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Anri declines, because she doesn’t want to use Saika for nefarious purposes, only to protect; which provokes Haruna into fighting her. That’s when Kasane, who was hanging out in the park the whole time, neutralizes and chastises the “daughter” Haruna for raising a hand to her “mother” Anri (speaking in Saika terms, of course.)

Of course, this doesn’t mean Kasane is on Anri’s side. In fact, Kasane is somewhat surprised by how little Anri has mastered or even used Saika; which frustrates her more now that she knows how good having freedom feels. So she breaks out a proposition, just as Haruna did. No joining forces; rather, she’ll take Saika off Anri’s hands for a handsome, fair sum. I mean, if she’s using it so little, she doesn’t really need her, right?

The only problem is, while Anri certainly hasn’t mastered Saika, she has more or less accepted her as a part of her, not to mention relied on her in times of trouble; she’d likely be dead without her. Losing her wouldn’t necessarily make her human (a human would never have had Saika to begin with), so I’m doubtful she’ll make the deal. However, I’m also doubtful Kasane will give up easily.

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Despite the rarity with which she needs or uses it, Anri has become dependent on Saika as a form of defense in a dangerous Ikebukuro World; a weapon to keep sharks off her in that world’s roiling waves. Meanwhile, Mikado tells Izaya in a lengthy but wonderful phone call that he wishes to remain in a boat, detached from those waves, but able to watch them ebb and flow and be entertained.

That’s the “interesting world” he first sought when he arrived in Ikebukuro World (an arrival akin to a birth). It’s why he founded the Dollars. And it’s why he’s evolved into someone who isn’t the slightest bit surprised by the face Celty’s head is in a bush (though he is relieved by Mika’s hilarious voicemail message about it not being her head).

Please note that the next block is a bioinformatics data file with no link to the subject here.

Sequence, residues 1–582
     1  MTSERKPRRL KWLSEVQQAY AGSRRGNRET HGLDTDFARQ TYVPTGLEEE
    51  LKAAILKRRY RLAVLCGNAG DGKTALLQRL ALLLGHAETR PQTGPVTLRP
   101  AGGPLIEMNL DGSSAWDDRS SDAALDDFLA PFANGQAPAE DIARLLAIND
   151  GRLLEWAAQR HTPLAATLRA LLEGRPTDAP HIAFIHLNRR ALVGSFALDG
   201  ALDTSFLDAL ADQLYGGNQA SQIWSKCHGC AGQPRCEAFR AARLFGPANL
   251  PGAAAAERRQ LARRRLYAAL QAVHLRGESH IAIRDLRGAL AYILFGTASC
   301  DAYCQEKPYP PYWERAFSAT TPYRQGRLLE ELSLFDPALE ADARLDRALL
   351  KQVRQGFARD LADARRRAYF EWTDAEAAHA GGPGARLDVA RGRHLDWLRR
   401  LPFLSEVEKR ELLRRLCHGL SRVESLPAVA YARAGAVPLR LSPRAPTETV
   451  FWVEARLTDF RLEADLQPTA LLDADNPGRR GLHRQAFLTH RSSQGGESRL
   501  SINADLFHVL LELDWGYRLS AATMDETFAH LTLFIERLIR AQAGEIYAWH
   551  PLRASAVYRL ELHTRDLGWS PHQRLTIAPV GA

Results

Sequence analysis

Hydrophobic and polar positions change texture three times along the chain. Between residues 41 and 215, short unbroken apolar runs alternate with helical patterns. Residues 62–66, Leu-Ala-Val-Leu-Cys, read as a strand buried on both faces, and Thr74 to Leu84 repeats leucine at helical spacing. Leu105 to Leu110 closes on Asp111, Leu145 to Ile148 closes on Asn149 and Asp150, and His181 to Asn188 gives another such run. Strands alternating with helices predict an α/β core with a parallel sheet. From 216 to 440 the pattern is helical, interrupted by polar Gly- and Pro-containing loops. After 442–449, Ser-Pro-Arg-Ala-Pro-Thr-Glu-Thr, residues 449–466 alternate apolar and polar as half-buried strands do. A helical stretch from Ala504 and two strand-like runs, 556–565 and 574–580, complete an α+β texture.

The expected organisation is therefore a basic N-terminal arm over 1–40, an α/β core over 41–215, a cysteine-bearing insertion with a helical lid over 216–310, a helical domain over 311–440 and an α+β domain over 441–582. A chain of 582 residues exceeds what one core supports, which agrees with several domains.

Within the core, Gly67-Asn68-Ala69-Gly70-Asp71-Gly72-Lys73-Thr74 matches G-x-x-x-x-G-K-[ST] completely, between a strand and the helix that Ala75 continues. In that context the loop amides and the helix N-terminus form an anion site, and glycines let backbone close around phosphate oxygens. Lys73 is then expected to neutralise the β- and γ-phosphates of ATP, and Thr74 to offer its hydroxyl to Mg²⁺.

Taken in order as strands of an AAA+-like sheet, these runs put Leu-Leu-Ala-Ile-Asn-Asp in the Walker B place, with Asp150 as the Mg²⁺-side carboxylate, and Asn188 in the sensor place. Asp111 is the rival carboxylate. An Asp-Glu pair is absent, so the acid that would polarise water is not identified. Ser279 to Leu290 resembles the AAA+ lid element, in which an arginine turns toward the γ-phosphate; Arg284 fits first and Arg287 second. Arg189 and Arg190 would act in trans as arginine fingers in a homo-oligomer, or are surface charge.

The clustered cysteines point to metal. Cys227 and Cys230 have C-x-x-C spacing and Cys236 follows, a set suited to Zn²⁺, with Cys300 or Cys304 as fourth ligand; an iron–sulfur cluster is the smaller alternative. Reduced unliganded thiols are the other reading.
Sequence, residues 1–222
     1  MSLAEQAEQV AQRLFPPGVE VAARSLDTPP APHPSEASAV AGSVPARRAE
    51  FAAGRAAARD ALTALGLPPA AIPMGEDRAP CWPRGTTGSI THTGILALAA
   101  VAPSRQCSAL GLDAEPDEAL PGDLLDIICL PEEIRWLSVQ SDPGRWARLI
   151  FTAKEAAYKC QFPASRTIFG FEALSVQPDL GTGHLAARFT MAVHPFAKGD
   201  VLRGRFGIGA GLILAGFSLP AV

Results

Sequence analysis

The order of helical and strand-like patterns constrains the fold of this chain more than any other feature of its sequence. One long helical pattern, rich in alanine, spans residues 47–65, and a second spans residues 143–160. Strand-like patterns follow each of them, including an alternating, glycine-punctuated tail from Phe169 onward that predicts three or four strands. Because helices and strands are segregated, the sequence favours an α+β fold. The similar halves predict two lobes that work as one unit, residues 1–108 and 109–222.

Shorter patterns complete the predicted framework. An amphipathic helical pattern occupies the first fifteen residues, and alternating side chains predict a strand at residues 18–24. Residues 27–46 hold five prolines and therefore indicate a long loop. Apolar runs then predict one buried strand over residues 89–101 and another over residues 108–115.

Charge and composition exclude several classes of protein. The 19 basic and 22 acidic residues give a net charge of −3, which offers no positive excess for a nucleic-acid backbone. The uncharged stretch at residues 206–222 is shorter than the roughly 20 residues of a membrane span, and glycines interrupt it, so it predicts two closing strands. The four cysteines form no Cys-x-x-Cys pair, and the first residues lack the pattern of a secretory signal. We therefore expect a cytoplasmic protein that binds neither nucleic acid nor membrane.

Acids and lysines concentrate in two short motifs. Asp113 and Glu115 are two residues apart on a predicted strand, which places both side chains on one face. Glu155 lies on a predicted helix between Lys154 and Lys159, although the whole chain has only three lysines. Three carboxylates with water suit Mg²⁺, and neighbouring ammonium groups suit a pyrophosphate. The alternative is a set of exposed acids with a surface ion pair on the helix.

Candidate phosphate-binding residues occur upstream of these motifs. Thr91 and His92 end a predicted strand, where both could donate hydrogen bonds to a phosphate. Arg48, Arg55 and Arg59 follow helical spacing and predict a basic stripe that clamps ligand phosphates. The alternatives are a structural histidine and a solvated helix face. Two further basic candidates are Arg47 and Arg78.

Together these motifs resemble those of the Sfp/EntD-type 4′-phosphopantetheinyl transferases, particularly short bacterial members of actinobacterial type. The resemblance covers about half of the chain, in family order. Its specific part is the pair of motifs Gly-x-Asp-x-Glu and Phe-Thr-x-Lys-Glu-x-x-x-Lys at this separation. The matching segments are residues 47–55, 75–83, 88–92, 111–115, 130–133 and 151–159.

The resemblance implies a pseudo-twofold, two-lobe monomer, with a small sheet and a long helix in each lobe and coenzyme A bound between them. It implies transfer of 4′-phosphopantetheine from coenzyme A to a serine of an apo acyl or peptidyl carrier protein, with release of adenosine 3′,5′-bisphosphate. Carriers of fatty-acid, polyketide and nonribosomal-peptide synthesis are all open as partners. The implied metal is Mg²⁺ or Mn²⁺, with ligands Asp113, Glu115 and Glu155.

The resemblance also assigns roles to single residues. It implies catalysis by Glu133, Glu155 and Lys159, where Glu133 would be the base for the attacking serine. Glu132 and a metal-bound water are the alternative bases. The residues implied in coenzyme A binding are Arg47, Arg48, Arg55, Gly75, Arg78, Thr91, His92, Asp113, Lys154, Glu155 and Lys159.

Now he’s put himself in a position to press the reset button on the Dollars, hoping he’ll catch lightning in a bottle once more. He and Izaya are revealed to be a lot more alike than I ever considered, as the two may use different metaphors, but both seem willing to act as both arsonist and firefighter in order to mold the world into something interesting.

I’d say Mikado differs in that he has empathy for humans and has a few he actually cares about and doesn’t want swept up in those waves…but I doubt Izaya wants his sisters hurt, either. It’s also interesting in this particular situation, that Mikado knows something – that Celty’s head was found in the park – before Izaya.

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That’s a rare moment of someone having the upper hand over Izaya, which is always nice. And knowledge is definitely power in Ikebukuro World; just look at which Saika dominated the other two, and why. That being said, there’s nothing Izaya adores more than humans acting unpredictably.

The Saika trio and Mikado-Izaya phone call are the A/B plots, but the episode still managed to fit in a C and a D: There’s the hiding Shijimi, who is approached by a masked man who was in the passenger seat of the car that hit Dotachin, offering to bring him in on some kind of heist of Yadogiri Jinnai’s fortune.

Then there’s Chikage confronting Masaomi and his Yellow Scarves, 1 on 8, and giving them a choice: let themselves be taken over, or be destroyed. And we know there’s no one among those 8 scarves who is a match for Chikage alone. Mairu is right: the time of revolution, war, and global upheaval is nigh in the Ikebukuro World.

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Oregairu 2 – 13 (Fin)

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My, how time flies when you’re engrossed in a long-standing love triangle of friends! Oregairu wisely pared down its cast to just the main three this week, and gave those three an arresting send-off in more or less the same awkward state they’ve been in for most of the season, but at least knowing where they can, if not should go, along with where they’ve been and where they shouldn’t go.